If you’ve ever struggled to get your head around inheritance tax (IHT), and how to protect your family from it, you’re not alone. It’s perhaps become even more complex since a new rule, the residence nil rate band (RNRB), came into force last April.
The RNRB is a tax break – an allowance to offset the cost of family homes and thereby reduce the amount of money in an estate resulting in a smaller IHT bill. The allowance is currently set at £100,000 and is set to rise to £175,000 in two years’ time.
But it’s not a straightforward tax break at all, with research from Old Mutual Wealth finding that 70% of people don’t understand how it works. In fact, to fully benefit, many people will need to review their current wills to be sure that their estate is arranged in such a way that it is eligible for the tax break.
Trusts, for example, have been a popular way to pass on inheritance to direct descendants but they do not necessarily sit well alongside the RNRB as property must be left to the descendants in a will to be eligible for the break. Even if a house is being left in a trust for the deceased’s descendants, the tax break won’t apply as the house is technically being left to a trust.
A number of other factors can affect whether the relief can be claimed, such as the age at which children or grandchildren are to benefit. Traditionally, you may have stipulated that they should be older than eighteen but that can now mean the estate would not be eligible for the RNRB.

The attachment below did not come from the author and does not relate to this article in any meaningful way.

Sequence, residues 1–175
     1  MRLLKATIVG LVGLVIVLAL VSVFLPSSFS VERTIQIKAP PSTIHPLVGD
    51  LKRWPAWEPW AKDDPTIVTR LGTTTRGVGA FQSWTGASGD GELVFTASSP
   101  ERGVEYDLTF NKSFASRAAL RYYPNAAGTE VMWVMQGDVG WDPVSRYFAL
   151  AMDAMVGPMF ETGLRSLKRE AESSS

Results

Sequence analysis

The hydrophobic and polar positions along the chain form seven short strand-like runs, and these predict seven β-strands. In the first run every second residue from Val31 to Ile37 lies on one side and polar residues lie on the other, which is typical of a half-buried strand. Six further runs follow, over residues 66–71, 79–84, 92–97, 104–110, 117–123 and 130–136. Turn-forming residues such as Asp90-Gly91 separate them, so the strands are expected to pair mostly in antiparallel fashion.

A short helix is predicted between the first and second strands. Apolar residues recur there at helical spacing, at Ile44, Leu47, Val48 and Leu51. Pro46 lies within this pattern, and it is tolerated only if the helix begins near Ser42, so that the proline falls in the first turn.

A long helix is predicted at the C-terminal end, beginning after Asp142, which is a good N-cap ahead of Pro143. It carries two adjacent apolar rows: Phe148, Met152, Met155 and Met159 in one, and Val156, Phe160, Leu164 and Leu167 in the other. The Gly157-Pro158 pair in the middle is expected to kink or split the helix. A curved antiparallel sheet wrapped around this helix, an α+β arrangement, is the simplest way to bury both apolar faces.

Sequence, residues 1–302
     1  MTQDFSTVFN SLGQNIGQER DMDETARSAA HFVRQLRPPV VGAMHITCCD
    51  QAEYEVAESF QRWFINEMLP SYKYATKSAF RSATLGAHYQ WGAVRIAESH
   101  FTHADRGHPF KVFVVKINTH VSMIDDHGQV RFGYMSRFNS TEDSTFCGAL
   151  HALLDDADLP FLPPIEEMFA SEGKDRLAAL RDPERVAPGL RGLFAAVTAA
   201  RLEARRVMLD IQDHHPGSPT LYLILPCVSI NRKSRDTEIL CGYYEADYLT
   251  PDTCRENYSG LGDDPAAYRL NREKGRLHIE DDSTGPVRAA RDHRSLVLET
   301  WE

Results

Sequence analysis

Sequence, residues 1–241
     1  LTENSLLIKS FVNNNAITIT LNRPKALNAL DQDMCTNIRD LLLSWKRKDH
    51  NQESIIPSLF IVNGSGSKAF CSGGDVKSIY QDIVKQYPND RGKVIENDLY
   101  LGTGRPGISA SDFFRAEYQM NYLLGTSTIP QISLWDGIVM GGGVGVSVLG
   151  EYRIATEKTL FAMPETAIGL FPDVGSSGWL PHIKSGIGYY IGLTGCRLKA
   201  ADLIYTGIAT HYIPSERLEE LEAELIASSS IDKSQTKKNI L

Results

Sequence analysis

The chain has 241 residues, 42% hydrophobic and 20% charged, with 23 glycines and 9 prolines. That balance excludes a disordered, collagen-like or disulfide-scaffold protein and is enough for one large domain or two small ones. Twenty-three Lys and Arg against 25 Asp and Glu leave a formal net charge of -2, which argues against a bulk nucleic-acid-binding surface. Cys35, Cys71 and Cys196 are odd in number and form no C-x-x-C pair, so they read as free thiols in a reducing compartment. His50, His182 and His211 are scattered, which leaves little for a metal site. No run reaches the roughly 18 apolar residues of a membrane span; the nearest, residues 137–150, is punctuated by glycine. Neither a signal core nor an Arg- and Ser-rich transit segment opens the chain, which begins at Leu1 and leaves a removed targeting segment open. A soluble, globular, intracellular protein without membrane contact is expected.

Since the RNRB was introduced last year, Hutchinson Thomas’ probate department has enjoyed becoming more familiar with how it operates, with Head of Probate, Wills and Trusts, Louise Williams commenting:
“We have seen a number of cases where families could have reduced their IHT bill by having made some adjustments to their will. I’d strongly advise individuals to seek advice around their estate and then, if necessary, adjust the wording in their wills accordingly.”
It’s also relevant to note that IHT payments raised £5.3 billion last year, a 14.6% increase in comparison to the previous year. Many believe that this is a sign of stricter processing of IHT payments following the introduction of the RNRB and the potential knock on effect of less income for the treasury. A spokesperson from NFU Mutual said:
“It’s clear that the taxman is cracking down hard on inheritance tax by looking more closely at people’s estates and challenging claims for reliefs. You’d expect the introduction of the Residence Nil Rate Band would see receipts flatten out or even fall a little bit, but the opposite is happening.
When inheritance tax receipts rise, it’s usually because of a buoyant housing market. But property prices aren’t rocketing in the same way, so it’s difficult to see what could have caused such a sharp increase in receipts other than a more aggressive approach to inheritance tax”.
For advice about inheritance tax, writing a will or amending an existing one, get in touch with our WIQS accredited probate team on 01639 640150.